[Python-Dev] PEP487: Simpler customization of class creation

Sylvain Corlay sylvain.corlay at gmail.com
Wed Jul 20 13:40:19 EDT 2016

Hi Nick,

Thank you for your reply. I understand your argument about using protocol
method names that are
very specific to a particular intended use case.

Interestingly, the one example that is provided in the PEP is that of a
"trait" which is pretty much the same as traitlets. (traitlets started as a
pure python implementation of Enthought's traits library).

My point is that in any real-world implementation of traits, __set_name__
will do a lot more than setting the name, which makes the name misleading.



On Wed, Jul 20, 2016 at 6:22 PM, Nick Coghlan <ncoghlan at gmail.com> wrote:

> Hi Sylvain,
> Thanks for getting in touch! The traitlets library sounds interesting,
> and provides good additional evidence that this is a capability that
> folks are interested in having available.
> On 20 July 2016 at 15:26, Sylvain Corlay <sylvain.corlay at gmail.com> wrote:
> > My understanding is that the proposed __set_name__ in PEP487 exactly
> > corresponds to our class_init, although interestingly we often do much
> more
> > in class_init than setting the name of the descriptor, such as setting a
> > this_class attribute or calling class_init on contained descriptors.
> > Therefore I do not think that the names __set_name__ or __set_owner__ are
> > appropriate for this use case.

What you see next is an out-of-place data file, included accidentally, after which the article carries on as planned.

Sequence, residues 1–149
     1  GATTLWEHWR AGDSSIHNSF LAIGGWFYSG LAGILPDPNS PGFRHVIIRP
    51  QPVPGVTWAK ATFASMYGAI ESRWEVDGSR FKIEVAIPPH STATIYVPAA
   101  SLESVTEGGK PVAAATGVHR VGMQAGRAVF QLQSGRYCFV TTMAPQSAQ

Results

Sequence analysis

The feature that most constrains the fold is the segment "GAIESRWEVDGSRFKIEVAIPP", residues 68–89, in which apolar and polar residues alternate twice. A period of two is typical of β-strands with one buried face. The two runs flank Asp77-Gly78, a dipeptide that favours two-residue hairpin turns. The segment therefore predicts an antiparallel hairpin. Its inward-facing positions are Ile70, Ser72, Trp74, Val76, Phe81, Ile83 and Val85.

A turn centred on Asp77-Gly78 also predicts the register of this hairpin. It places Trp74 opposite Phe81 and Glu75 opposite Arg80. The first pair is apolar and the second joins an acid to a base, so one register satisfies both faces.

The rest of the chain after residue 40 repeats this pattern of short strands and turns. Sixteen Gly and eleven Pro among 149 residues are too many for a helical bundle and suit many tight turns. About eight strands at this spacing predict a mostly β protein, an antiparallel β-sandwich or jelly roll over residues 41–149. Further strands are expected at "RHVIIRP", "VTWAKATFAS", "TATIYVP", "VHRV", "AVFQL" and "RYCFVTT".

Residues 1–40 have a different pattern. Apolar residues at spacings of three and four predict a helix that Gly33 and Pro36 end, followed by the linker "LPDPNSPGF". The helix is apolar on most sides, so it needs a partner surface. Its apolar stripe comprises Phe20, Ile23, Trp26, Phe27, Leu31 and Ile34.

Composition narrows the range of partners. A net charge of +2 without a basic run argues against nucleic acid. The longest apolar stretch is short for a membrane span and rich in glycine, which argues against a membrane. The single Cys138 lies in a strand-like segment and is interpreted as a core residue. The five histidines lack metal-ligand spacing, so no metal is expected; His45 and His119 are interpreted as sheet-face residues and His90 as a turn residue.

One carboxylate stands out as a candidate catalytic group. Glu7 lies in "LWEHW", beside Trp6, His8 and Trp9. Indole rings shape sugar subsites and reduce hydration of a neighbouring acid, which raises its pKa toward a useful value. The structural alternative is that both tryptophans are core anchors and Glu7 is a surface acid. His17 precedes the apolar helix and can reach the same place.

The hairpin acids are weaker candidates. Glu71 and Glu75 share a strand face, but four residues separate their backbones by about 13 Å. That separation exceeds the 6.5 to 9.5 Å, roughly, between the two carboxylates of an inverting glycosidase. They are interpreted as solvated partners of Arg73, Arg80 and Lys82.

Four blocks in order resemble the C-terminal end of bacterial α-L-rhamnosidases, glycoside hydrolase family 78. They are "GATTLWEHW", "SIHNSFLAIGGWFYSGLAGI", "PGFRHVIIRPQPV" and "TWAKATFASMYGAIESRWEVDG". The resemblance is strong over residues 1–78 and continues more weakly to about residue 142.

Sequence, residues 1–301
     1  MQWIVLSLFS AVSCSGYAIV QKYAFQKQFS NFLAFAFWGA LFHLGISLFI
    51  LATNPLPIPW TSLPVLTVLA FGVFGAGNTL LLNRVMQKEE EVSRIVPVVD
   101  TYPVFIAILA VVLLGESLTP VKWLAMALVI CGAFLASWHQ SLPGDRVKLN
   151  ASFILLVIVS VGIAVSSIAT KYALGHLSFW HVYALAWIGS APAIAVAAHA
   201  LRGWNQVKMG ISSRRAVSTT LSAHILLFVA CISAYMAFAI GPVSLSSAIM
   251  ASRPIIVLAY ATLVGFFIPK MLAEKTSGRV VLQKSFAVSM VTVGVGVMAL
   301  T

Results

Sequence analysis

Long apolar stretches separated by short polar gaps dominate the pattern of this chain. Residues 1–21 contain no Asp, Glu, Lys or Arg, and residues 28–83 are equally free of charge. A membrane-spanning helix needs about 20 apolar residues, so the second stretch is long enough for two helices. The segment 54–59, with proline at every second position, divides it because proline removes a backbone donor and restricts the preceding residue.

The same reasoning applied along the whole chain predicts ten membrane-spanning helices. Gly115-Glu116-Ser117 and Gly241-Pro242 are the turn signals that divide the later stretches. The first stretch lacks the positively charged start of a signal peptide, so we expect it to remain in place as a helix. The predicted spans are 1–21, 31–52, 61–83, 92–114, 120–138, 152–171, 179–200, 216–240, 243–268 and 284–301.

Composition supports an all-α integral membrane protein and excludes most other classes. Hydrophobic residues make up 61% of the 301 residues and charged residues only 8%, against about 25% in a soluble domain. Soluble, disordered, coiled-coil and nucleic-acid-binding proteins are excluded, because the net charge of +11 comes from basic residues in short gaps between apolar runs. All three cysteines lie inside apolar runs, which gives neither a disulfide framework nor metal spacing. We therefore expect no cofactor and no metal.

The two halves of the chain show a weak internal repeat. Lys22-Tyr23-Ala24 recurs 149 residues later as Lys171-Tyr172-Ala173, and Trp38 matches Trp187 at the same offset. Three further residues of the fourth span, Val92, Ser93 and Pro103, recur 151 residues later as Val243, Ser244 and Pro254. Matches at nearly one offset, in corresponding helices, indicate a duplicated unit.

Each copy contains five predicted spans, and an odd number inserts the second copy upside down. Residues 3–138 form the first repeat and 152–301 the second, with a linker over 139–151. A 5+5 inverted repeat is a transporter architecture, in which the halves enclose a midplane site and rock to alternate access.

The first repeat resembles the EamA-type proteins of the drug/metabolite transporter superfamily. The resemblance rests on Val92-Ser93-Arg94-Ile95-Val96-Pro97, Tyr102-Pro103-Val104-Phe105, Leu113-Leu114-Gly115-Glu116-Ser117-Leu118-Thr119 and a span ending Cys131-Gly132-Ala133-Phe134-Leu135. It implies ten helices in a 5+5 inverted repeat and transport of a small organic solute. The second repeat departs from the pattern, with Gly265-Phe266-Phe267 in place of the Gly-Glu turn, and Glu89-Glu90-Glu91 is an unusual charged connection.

> >
> > In a way, the long-form explicit names for our class_init and
> instance_init
> > methods would be something like __init_fom_owner_class__, and
> > __touch_instance__.
> It's certainly a reasonable question/concern, but we've learned from
> experience that we're better off using protocol method names that are
> very specific to a particular intended use case, even if they can be
> adapted for other purposes. The trick is that we want educators
> teaching Python to be able to very easily answer the question of "What
> is this special method for?" (even if they later go on to say "And
> it's also used for these other things...")
> One previous example of that is the __index__ protocol, where the
> actual semantics are "instances of this type can be losslessly
> converted to integers", but the protocol is named for the particular
> use case "instances of this type can be used as sequence indices".
> For PEP 487, the two operations guiding the naming of the methods are
> "notify a base class when a new subclass is defined" and "notify a
> descriptor of its attribute name when assigned to a class". The
> precise verbs then mirror those already used in other parts of the
> related protocols (with __init__ leading to __init_subclass__, and
> __set__ leading to __set_name__).
> The main capability that __set_name__ provides that was previously
> difficult is letting a descriptor know its own name in the class
> namespace. The fact a descriptor implementor can do anything else they
> want as a side-effect of that new method being called isn't
> substantially different from the ability to add side-effects to the
> existing __get__, __set__ and __delete__ protocol methods.
> Cheers,
> Nick.
> --
> Nick Coghlan   |   ncoghlan at gmail.com   |   Brisbane, Australia
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